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Bayesian inference for biomarker discovery in proteomics: an analytic solution

Published on 29 March 2018
Bayesian inference for biomarker discovery in proteomics: an analytic solution
Dridi N., Giremus A., Giovannelli J.-F., Truntzer C., Hadzagic M., Charrier J.-P., Gerfault L., Ducoroy P., Lacroix B., Grangeat P., Roy P.
Source-TitleEurasip Journal on Bioinformatics and Systems Biology
IMS (Univ. Bordeaux, CNRS, BINP), Talence, France, National Engineering School of Gabes (ENIG), University of Gabes, Gabes, Tunisia, CLIPP, Pôle de Recherche Université de Bourgogne, Dijon, France, NATO STO Centre for Maritime Research and Experimentation, La Spezia, Italy, Technology Research Department, Innovation Unit, bioMérieux SA, Marcy l’Étoile, France, Univ. Grenoble Alpes, Grenoble, France, CEA, LETI, MINATEC Campus, Grenoble, France, Service de Biostatistique - Bioinformatique, Hospices Civils de Lyon, Lyon, France, CNRS UMR 5558, LBBE, Équipe Biostatistique Santé, Villeurbanne, France, Université de Lyon, Université Claude Bernard Lyon 1, Lyon, France, Pôle Rhône-Alpes de Bioinformatique, Université Claude Bernard - Lyon 1, Villeurbanne, France
This paper addresses the question of biomarker discovery in proteomics. Given clinical data regarding a list of proteins for a set of individuals, the tackled problem is to extract a short subset of proteins the concentrations of which are an indicator of the biological status (healthy or pathological). In this paper, it is formulated as a specific instance of variable selection. The originality is that the proteins are not investigated one after the other but the best partition between discriminant and non-discriminant proteins is directly sought. In this way, correlations between the proteins are intrinsically taken into account in the decision. The developed strategy is derived in a Bayesian setting, and the decision is optimal in the sense that it minimizes a global mean error. It is finally based on the posterior probabilities of the partitions. The main difficulty is to calculate these probabilities since they are based on the so-called evidence that require marginalization of all the unknown model parameters. Two models are presented that relate the status to the protein concentrations, depending whether the latter are biomarkers or not. The first model accounts for biological variabilities by assuming that the concentrations are Gaussian distributed with a mean and a covariance matrix that depend on the status only for the biomarkers. The second one is an extension that also takes into account the technical variabilities that may significantly impact the observed concentrations. The main contributions of the paper are: (1) a new Bayesian formulation of the biomarker selection problem, (2) the closed-form expression of the posterior probabilities in the noiseless case, and (3) a suitable approximated solution in the noisy case. The methods are numerically assessed and compared to the state-of-the-art methods (t test, LASSO, Battacharyya distance, FOHSIC) on synthetic and real data from proteins quantified in human serum by mass spectrometry in selected reaction monitoring mode. © 2017, The Author(s).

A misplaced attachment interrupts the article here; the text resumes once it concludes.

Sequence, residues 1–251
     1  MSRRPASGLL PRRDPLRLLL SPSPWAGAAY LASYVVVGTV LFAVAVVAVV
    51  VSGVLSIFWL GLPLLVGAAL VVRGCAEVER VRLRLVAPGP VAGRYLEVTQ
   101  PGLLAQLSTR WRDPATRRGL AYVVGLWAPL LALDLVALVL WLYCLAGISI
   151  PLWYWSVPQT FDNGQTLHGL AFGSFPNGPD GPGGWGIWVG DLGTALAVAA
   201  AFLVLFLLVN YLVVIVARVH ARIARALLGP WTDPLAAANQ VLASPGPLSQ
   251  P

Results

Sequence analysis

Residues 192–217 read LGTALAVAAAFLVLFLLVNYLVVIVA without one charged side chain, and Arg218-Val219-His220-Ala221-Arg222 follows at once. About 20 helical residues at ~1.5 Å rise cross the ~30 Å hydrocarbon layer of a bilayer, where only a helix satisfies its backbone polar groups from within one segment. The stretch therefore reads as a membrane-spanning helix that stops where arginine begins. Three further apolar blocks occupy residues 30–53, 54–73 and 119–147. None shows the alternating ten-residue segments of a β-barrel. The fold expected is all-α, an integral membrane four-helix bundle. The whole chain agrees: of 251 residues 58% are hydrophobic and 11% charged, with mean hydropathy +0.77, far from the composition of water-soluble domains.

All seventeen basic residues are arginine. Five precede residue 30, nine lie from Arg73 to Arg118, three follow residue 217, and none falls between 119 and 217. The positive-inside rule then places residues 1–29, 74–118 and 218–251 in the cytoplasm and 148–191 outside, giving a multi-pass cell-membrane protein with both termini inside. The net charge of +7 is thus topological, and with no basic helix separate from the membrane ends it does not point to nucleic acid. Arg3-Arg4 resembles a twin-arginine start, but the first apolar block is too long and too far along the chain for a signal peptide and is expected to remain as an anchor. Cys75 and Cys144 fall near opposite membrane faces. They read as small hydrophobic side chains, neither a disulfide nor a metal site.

Bayesian approach, Biomarker, Evidence, Hierarchical model, Model selection, Optimal decision, Proteomics, Variable selection
Bayesian networks, Biomarkers, Covariance matrix, Hierarchical systems, Inference engines, Mass spectrometry, Molecular biology, Probability, Bayesian approaches, Evidence, Hierarchical model, Model Selection, Optimal decisions, Proteomics, Variable selection, Proteins, biological marker, accuracy, Article, Bayes theorem, bioinformatics, conjugation, controlled study, evaluation study, human, mass spectrometry, proteomics, serum, synthesis

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